Sears Home Services Pushes Do-It-For-Me Over Do-It-Yourself
Sears is kicking off a campaign for its Home Appliances and Services sector that takes jabs at the do-it-yourself trend and aims to spotlight more of the retailer's home improvement services.
The brand, which is one of the nation's top appliance sellers and repair providers, wants to call attention to its full suite of home-improvement offerings, which includes roofing, HVAC, window installations, kitchen remodeling and home-protection services, among others. The company has historically advertised those services at the local level and through direct marketing.
"We're in a number of businesses that we don't do brand marketing around," said Chip Smith, CMO-home appliances and services at Sears, who joined the company last November. "We saw a big opportunity to improve ... an opportunity to tell a broader story."
The badly flagging retailer could use a boost from the appliances sector, which has held strong in recent earnings despite steady drops in other categories like apparel and auto. Parent company Sears Holdings has lost money for 12 straight quarters and closed 234 underperforming Sears and Kmart stores last year, a majority of which were Kmart locations.
The new Sears Home Appliances and Services brand approach pits it against home improvement competitors like Home Depot and Lowe's who have latched on to the growing do-it-yourself trend in their advertising. To differentiate itself, Sears is targeting consumers who want experts to handle their home-improvement projects.
Competitors are "leaning heavily in the do-it-yourself space," said Mr. Smith. "There is a lot of room in the marketplace for do-it-for-me. We want to be that trusted resource for consumers."
The new campaign, which kicked off this week, highlights "truths" about shopping for home appliances, which are major, infrequent buys that require a lot of research, Mr. Smith said. The first ad, called "Cavernous," slights other retailers for overwhelming customers with massive warehouses of inventory. In the spot, a couple struggles to find help as they shop for appliances at a home improvement retailer that resembles a Lowe's or Home Depot store.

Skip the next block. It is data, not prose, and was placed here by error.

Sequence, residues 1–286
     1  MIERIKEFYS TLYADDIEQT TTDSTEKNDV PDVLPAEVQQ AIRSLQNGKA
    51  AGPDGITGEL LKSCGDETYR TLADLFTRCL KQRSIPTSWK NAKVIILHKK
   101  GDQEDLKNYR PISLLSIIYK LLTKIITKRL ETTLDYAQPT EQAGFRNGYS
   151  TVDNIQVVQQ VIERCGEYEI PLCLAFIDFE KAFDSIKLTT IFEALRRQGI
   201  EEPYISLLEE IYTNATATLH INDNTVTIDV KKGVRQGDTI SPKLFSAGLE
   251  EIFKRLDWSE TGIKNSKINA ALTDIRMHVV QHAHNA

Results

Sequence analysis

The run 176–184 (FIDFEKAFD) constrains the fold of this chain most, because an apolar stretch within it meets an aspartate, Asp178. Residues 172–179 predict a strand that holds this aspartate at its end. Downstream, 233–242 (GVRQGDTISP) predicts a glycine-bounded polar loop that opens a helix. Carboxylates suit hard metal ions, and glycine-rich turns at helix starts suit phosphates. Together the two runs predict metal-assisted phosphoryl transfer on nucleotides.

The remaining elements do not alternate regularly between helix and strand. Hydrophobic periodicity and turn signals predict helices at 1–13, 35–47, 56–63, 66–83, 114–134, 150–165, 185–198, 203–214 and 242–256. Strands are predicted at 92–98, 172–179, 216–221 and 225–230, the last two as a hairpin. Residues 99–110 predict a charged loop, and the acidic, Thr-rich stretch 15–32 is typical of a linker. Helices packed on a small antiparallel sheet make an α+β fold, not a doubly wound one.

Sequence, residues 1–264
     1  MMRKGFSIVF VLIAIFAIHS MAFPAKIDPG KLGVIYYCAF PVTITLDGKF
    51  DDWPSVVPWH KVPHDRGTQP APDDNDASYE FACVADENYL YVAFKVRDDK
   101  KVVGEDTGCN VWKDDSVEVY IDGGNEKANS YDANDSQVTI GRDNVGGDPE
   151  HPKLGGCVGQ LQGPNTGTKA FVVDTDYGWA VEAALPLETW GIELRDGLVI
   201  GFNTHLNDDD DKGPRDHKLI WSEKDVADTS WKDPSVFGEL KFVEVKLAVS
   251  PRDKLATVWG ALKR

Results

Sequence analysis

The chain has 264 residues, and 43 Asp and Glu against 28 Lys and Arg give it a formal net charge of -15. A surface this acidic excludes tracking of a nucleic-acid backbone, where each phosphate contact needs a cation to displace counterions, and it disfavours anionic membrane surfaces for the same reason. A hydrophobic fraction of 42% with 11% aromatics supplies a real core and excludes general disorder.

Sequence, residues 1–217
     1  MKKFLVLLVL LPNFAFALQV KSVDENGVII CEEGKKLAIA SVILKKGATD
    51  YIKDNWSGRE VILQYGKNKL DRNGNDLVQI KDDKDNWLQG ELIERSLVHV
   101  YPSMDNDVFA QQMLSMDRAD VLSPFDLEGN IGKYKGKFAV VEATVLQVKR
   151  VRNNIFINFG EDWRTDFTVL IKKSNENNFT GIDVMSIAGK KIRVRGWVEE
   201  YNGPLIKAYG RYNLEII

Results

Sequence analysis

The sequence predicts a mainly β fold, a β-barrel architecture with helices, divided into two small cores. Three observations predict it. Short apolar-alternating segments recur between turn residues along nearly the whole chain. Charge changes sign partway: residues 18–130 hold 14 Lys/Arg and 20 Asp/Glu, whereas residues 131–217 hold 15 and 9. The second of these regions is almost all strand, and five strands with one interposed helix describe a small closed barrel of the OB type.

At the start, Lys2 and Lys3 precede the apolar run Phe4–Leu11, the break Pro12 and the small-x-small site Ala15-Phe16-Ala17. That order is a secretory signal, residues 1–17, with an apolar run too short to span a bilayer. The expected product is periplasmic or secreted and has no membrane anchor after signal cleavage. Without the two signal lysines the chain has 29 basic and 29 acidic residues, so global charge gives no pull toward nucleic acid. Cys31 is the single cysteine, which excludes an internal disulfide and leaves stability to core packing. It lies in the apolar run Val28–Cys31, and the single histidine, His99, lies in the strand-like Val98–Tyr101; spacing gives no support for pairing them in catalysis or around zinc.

"We're not going after anybody in the ads," said Mr. Smith. "This is the first step in explaining that we're the 'house experts for homeowners,'" he said, referencing the campaign's tagline.
Two additional ads called "Dinner Party" and "User Name," which break on Sunday, tackle customers' vastly different appliance needs and the frustrations of searching for reliable information on the Internet.
Sears is also revamping the website for its home services division -- adding more content and features like the ability to schedule repair appointments online -- to become a one-stop resource for consumers' home improvement needs. The new website, which is slated to launch in a few weeks, will focus on repair, improvements and maintenance with other business sectors such as parts being added over time.
"We're retooling the entire online experience," said Mr. Smith. "We want to provide information, knowledge and our expertise" to help consumers understand that "Sears is the place where you can go for expert advice around key home-related categories."
The new brand push was created by Interpublic's FCB in Chicago, which also handles creative for sibling brand Kmart, and Havas worked on the media. Sears recently parted ways with agency McGarryBowen in the midst of a massive holding company review.
Sears will support the TV effort through email, direct mail, online, search and other channels. The retailer will also look to extend the brand push to other businesses within the home appliances and services sector, such as repairs and parts.
"We really see this as a campaign with legs that we can leverage across multiple businesses," said Mr. Smith. He declined to reveal the budget for the push, but said that is a significant effort for the company.
Sears Holdings spent nearly $257 million on U.S. advertising for its namesake brand in 2014, about 25% less than in the year before, according to the Ad Age Datacenter.